Jim Chapman covers a technique to improve your short-range hunting
Jim Chapman helps us to avoid a common pitfall
For many of the hunts I do, there is a focus on long- range shooting. When out after prairie dogs, for instance, shots in the 75-100- yard range are the norm, and when going after jackrabbits in the wide- open deserts out west, 50-75 yards is a typical range. In preparation for these hunts, I’ll set up targets at 30 to 100- yard increments and familiarise myself with the trajectory so that I have a clear sense of the point of impact ( POI) at each distance. This POI mapping coupled with a rangefinder is the best means of ensuring solid hits on quarry, leaving the wind as the only major variable to deal with in the field.
The guns I prefer for this type of shooting, with respect to calibre and power output, have been discussed in the past. I find a .25 or .30 calibre moving at velocities over 800 fps optimal for this style of shooting. Since there are no power restrictions on airguns in the States, the compensation for increasing calibre and pellet weight is to increase the power output. This reduces the substantial effect on trajectory associated with larger calibres when the overriding requirement is to stay within legal power limits. What I’d like to discuss this month, though, is the other end of the spectrum – i.e. managing the close- range shot opportunities that pop up.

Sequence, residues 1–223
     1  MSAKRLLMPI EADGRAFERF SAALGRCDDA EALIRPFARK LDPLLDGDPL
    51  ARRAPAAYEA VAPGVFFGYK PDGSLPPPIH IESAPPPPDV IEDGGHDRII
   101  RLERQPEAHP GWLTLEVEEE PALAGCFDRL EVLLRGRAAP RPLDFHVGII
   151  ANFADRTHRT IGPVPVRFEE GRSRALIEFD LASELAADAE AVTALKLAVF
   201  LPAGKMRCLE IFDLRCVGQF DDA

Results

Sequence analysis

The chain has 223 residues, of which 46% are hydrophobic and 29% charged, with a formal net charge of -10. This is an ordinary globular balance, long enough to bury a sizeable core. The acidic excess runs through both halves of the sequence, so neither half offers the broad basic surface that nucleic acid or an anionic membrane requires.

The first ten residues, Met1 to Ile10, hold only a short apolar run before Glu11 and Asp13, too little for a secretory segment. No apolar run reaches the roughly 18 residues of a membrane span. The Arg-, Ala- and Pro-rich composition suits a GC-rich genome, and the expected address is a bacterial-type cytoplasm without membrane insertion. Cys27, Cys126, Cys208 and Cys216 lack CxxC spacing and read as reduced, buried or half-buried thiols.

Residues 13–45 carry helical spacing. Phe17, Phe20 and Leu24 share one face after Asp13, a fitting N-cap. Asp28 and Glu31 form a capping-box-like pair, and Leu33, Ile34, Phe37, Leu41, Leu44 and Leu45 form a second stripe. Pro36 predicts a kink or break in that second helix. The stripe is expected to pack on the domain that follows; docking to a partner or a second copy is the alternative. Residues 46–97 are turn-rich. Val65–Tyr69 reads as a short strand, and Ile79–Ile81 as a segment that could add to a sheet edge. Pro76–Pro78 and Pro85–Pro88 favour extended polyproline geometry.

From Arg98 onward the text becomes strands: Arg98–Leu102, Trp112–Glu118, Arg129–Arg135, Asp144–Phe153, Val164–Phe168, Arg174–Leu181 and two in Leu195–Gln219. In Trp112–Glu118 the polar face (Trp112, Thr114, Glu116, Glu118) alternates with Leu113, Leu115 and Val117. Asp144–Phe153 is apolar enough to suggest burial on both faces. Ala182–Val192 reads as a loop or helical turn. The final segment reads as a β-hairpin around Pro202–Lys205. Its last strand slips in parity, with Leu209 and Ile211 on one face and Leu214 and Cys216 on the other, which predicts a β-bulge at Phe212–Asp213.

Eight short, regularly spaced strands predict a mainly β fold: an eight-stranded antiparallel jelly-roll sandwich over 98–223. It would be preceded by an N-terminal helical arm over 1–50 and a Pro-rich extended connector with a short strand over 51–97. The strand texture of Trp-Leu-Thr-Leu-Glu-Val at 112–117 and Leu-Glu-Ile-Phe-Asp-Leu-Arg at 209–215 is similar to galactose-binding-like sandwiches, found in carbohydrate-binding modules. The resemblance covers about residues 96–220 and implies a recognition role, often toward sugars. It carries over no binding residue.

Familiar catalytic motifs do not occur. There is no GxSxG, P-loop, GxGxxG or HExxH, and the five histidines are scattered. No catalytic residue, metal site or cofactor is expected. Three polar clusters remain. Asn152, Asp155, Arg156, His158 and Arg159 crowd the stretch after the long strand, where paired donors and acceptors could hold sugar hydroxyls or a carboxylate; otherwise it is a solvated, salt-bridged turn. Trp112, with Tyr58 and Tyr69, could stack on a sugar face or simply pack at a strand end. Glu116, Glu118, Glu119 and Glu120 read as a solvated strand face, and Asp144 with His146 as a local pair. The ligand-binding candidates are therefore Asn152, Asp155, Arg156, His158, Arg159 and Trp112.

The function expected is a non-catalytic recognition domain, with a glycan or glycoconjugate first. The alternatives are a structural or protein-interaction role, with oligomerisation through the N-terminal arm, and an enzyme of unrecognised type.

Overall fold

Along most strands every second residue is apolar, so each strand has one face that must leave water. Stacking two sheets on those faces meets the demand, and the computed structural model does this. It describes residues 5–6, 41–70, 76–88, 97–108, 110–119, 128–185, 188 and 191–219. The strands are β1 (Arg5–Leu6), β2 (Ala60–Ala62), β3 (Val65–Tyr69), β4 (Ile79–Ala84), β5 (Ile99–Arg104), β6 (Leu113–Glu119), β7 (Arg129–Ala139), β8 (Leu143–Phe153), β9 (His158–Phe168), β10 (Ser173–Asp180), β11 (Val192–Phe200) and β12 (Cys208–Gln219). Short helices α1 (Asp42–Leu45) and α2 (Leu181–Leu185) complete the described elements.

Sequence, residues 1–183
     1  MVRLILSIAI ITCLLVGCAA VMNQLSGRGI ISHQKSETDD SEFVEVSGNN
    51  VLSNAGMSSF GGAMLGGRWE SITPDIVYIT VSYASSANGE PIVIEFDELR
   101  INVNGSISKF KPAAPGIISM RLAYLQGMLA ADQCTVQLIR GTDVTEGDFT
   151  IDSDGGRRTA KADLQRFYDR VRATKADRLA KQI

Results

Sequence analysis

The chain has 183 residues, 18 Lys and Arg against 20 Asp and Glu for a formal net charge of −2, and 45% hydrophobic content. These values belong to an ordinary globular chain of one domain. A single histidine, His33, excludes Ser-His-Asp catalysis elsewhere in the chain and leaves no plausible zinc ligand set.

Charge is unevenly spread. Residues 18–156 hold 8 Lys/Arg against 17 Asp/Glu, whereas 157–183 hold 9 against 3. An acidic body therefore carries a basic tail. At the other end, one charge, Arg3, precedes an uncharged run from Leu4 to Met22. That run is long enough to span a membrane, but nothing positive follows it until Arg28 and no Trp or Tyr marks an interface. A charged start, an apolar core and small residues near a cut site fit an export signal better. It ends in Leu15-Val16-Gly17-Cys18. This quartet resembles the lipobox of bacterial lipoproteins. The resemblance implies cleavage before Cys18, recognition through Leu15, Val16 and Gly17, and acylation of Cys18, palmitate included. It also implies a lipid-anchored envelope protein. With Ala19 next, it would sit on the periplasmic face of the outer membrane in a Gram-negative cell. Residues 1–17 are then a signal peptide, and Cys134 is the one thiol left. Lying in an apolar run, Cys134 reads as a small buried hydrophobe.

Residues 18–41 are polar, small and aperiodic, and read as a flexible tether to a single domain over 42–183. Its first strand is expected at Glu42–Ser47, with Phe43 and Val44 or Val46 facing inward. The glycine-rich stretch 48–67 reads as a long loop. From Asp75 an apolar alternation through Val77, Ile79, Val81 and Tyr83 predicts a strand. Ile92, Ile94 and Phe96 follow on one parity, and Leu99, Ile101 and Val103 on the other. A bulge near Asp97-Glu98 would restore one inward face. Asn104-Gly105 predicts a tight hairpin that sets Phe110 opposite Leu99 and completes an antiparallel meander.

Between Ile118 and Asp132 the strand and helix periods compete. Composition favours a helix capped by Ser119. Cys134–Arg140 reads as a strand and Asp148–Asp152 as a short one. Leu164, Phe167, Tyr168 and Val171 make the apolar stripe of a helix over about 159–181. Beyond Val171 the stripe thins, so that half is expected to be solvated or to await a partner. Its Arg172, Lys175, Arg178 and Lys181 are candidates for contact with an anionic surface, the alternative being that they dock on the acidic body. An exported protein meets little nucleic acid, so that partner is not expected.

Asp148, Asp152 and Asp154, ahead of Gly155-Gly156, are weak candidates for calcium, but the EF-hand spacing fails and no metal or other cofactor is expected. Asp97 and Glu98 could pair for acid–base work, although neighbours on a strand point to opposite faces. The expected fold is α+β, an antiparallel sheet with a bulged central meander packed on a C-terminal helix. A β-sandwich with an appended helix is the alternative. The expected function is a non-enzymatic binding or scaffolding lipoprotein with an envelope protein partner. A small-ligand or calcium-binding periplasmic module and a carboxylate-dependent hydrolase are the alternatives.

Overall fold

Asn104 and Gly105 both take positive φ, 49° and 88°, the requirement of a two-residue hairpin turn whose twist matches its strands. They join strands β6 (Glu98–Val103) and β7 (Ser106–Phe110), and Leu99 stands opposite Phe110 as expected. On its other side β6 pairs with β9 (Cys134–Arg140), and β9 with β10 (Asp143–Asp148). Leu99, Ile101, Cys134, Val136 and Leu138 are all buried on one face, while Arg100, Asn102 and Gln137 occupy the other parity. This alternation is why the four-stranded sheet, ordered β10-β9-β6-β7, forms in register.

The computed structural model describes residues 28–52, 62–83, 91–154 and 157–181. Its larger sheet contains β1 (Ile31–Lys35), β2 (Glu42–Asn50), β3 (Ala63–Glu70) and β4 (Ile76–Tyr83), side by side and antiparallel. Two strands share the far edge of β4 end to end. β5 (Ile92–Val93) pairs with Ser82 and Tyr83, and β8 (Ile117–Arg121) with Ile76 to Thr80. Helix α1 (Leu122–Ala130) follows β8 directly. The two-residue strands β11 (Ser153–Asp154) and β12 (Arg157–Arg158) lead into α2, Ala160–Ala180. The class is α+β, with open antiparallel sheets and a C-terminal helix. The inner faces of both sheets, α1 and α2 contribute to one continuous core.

It seems counterintuitive; most shooters spend their time worrying about the shots at the furthest and not shortest ranges, what the rifle is capable of, and the shooter’s limitations. The assumption most of us have is that if we are going to miss, it’s going to be the 70- yard shot and not the 35- yard shot. So, we spend the lion’s share of our practice time on those shots. This makes sense as we strive to ensure that we can hit any target we pull the trigger on, which is the ethical and practical thing to do.